Saturday, November 5, 2011

The Kicker

Alpacas are very passive and stoic creatures. They are rarely if ever aggressive. Their initial instinct is to run. And let me tell you, if you need to get a hold of one to do herd heath or halter them to take them somewhere, their running instinct shows! Some of them will spit if they are cornered. We find it is usually the older pregnant girls who do this. Usually the younger ones do not spit. We have had a male spit at times but that seems more rare. Pregnant woman in general are more ornery, it only makes sense that they are there to protect their young. Don't mess with a mama bear, or a mama alpaca.

My favorite alpaca response are the ones who growl. Our own Maddie will do this sometimes during herd health. I will hold her so J can give her a shot and I can feel and hear this growl in her throat. Her daughter, Twilight, also does this. It's an unusual cute sound, though I do feel bad that they are upset enough to growl, it's more like a whimper I would make when having to have a shot.

I would say alpacas never bite, but we had an incident of biting a couple weeks ago. We were trimming nails on the older boys. I was holding Greyt while J clipped his nails. While clipping Greyt's nails, Tucker came over and bit J on the ear! Alpacas only have one set of teeth so they can't do much harm by biting, but it is a pinch and can hurt.

Other than running or spitting, their other main defense is kicking. I have had my fair share of being kicked, usually during herd health. I can hardly blame them when we handle them to give them shots. I don't care for shots either! Occasionally we'll have an animal who kicks a lot. They will even do an air kick when you walk by, as if they were hoping to catch you. We have discovered that Sig is one of those kind of alpacas. It is a fact that he was used by a vet school for training on starting IVs. I can't help but wonder if that experience traumatized him to the point he doesn't trust any humans. In many ways that is sad.

At the alpaca show last weekend I was trying to get a hold of Challenger so that I could let some people feel his fiber. While trying to catch him, Sig thought I was after him and he gave me a good kick. I still have a huge bruise on the back of my leg from that! Sig is only about 80 pounds, so it's not that their kicks are dangerous (nothing like a horse kick), but they do hurt and the bruises they make are not pretty.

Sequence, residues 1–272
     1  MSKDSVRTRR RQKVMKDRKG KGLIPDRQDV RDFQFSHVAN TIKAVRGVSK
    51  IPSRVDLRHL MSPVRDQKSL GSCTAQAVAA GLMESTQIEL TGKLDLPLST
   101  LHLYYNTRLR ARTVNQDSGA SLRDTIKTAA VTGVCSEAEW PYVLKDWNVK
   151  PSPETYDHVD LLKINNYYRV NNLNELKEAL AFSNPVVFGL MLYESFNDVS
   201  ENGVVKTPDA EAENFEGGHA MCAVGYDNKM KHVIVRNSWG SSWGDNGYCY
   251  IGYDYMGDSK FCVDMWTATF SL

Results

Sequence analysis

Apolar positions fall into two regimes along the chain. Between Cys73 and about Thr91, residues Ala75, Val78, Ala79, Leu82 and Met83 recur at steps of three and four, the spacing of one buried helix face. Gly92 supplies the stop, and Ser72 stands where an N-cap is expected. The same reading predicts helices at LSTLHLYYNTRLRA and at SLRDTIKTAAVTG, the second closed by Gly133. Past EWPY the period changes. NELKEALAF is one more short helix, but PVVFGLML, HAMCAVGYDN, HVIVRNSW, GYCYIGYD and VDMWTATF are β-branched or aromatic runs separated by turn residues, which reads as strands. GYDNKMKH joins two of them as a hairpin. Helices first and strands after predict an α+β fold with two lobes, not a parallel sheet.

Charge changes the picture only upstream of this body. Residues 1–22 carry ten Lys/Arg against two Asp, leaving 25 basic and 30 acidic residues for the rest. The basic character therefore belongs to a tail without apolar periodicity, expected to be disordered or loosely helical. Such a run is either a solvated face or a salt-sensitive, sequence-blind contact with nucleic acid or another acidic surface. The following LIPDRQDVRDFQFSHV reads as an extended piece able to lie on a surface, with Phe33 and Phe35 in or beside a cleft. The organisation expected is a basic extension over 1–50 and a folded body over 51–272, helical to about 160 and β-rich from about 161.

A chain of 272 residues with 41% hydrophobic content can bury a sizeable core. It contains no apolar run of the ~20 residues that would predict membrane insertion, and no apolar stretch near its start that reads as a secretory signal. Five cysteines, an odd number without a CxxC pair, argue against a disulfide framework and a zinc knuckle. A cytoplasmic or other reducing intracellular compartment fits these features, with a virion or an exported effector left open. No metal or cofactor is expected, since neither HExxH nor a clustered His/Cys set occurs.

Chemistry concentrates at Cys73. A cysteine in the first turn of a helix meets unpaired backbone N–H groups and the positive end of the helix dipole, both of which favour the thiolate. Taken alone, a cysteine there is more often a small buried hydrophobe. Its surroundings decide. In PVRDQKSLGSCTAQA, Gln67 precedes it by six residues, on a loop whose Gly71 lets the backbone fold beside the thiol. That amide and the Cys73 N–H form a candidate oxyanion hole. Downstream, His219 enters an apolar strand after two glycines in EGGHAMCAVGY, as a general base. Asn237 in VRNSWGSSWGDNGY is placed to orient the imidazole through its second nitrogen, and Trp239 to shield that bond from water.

When we were haltering all the alpacas to leave the show late Sunday afternoon, Sig was still on the defense. I should have known better, but I let Zack lead Sig and Gabe out to the trailer. As you might already guess, while walking, Sig gave a back kick and hit Zack square on his upper thigh. I should back track to explain that Zack is a very sensitive guy. He's also an animal activist (and a vegetarian of sorts). He has already told me that he does not think alpacas enjoy going to alpaca shows and he does not think we should take them. I would agree that alpaca shows can be stressful for them. We have found the more shows we go to, the more used to it they get, and the less stressed they appear. This fall we only went to one show, and it was Sigs first show. Being kicked by Sig only enforced to Zack that he would not take alpacas to shows. I should add that while that is Zack's opinion, J and I do not share that with him. We will certainly be attending many alpaca shows in the future. We believe that we take extremely good care of our alpaca livestock, more so than most farmers do with their livestock. Like most alpaca farmers, we go above and beyond to care for them in the best way possible. Alpacas in general are cared for better than just about any other livestock. The stress of an alpaca show is nothing like the stress they would feel left in the wild, or living in less than ideal conditions. But, I do hope not to be kicked at the next show, which means work with not only halter training, but also building trust with our own alpacas.

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